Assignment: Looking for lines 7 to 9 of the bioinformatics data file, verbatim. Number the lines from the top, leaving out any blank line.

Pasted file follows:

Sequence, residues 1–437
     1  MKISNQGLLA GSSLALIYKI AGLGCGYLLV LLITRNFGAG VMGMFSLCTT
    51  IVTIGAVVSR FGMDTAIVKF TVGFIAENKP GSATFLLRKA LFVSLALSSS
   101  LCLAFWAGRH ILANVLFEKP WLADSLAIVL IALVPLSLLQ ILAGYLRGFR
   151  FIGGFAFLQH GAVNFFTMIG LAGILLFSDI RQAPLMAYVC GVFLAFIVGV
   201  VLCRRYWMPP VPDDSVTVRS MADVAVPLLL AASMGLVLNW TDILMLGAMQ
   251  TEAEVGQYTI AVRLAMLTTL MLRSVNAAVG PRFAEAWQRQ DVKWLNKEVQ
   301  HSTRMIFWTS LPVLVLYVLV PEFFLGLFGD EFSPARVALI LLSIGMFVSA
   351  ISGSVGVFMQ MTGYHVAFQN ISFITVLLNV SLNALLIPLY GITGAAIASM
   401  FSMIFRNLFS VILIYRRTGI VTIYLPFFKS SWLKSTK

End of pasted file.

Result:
   251  TEAEVGQYTI AVRLAMLTTL MLRSVNAAVG PRFAEAWQRQ DVKWLNKEVQ
   301  HSTRMIFWTS LPVLVLYVLV PEFFLGLFGD EFSPARVALI LLSIGMFVSA
   351  ISGSVGVFMQ MTGYHVAFQN ISFITVLLNV SLNALLIPLY GITGAAIASM